Commons, the English workers won the famous Coalition Laws ( 18 24-25 ) as a concession to· the revolutionary move­ ment. The movement in favour of creating organisations and unions through which the workers might defend them­ selves against the oppression of the employers, and obtain better conditions for themselves, higher wages, etc., became lawful. This marks the beginning of the English trade union movement. It als o gave birth to political societies which began the struggle for universal suffrage. :Meanwhile, in France, in 1815, Napoleon had suffered a crushing defeat, and the B ourbon monarchy of Louis XVIII was established. The era of Restoration, beginning at that time, lasted approximately fifteen years. Having attained the throne through the aid of foreign intervention ( Alexan­ der I of Russia) , Louis made a number of concessions to the landlords who had suffered by the Revolution. The land could not be restored to them, it remained with the peasants, but they were consoled by a compensation of a billion francs. The royal power used all its strength in an endeavour t o arrest the development of new social and political relations. It tried to rescind as many of the con­ cessions t o the bourgeoisie as it was forced to make. Owing to this conflict between the liberals and the conservatives, the Bourbon dynasty was forced to face a new revolution which broke out in July, 1 830. England which had towards the end of the eighteenth cen­ tury reacted to the French Revolution by stimulating the labour movement, experienced a new upheaval as a result of the July Revolution in France. There began an energetic movement for a wider suffrage. According to the English laws, that right had been enj oyed by an insignificant portion of the population, chiefly the big landowners, who not in­ frequently had in their dominions depopulated boroughs with only two or three electors ("Rotten B oroughs" ) , and who, nevertheless, sent representatives to Parliament.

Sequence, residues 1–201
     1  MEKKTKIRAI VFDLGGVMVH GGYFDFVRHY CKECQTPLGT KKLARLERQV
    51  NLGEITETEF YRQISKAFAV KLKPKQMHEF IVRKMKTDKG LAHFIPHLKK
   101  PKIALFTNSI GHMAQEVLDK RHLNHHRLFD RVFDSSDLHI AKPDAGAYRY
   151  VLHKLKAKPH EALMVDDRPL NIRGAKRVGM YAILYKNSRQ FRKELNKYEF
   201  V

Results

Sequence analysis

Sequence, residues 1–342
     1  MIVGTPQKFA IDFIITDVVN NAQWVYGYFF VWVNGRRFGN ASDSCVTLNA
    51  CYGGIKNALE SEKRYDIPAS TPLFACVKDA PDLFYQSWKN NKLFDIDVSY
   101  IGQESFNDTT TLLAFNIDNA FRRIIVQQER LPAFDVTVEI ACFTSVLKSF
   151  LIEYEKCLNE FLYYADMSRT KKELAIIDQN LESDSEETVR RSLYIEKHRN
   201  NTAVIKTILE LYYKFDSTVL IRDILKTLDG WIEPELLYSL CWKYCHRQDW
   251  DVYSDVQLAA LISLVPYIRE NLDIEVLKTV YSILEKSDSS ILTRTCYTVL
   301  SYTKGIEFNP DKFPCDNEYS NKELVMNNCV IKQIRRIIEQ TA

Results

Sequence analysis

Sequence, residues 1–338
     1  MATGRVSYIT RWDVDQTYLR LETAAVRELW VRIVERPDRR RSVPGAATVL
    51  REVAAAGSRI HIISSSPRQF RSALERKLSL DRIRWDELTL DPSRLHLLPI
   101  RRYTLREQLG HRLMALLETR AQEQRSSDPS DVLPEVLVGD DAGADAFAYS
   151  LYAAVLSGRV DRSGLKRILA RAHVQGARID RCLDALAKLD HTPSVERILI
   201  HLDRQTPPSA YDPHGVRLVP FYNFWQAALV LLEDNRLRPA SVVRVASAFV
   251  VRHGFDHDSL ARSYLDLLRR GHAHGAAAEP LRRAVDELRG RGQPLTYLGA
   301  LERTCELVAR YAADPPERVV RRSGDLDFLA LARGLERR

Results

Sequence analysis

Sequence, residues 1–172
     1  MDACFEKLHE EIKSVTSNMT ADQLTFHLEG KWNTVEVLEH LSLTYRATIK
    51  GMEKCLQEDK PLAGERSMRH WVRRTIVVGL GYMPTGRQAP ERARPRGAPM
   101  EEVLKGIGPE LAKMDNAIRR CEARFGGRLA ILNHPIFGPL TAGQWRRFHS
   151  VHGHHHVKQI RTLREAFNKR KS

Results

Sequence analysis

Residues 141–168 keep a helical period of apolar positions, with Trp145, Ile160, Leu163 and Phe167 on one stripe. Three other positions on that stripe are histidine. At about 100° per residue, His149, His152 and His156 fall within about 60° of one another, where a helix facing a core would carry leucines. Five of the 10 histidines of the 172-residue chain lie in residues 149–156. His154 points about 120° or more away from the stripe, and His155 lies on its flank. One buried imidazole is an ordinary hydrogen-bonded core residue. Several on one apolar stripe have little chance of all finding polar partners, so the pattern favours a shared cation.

The dominant parties, actually two factions of the landed aristocracy, the Tories and the Whigs, were compelled to submit. The more liberal Whigs Party, which felt the need for compromise and electoral reforms, finally won over the conservative Tories. The industrial bourgeoisie w ere granted the right to vote, but the workers were left in the lurch. As answer to this treachery of the liberal bourgeoisie (the ex-member of the Corresponding Society, Place, was a party to this treachery) , there was formed in 1 836, after a number of unsuccessful attempts, the London Working­ men's Association. This Society had a number of capable leaders. The most prominent. among them were William I.. ovett ( 1 800-1877 ) and Henry Hetherington ( 1 792-1 849 ) . In 1 837, Lovett and his comrades formulated the funda­ mental political demands of the working class. They aspired to organise the workers into a separate political party. They had in mind, however, not a definite working-class party which would press its special programme as against the programme of all the other parties, but one that would exercise as much influence, and play as great a part in the political life of the country, as the other parties. In this bourgeois political milieu they wanted to be the party of the working class. They had no definite aims, they did not pro­ pose any special economic programme directed against the entire bourgeois society. One may best understand this, if one recalls that in Australia. and New Zealand there are such labour parties, which do not aim at any fundamental changes in social conditions. They are sometimes in close coalition with the bourgeois parties in order to insure for lab our a certain share of influence in the government. The Charter, in which Lovett and his associates formu­ lated tll e demands of the workers, gave the name t o this Chartist movement. The Chartists advanced six demands : Universal suffrage, vote by secret ballot, parliaments elected annually, payment of members of parliament, abolition of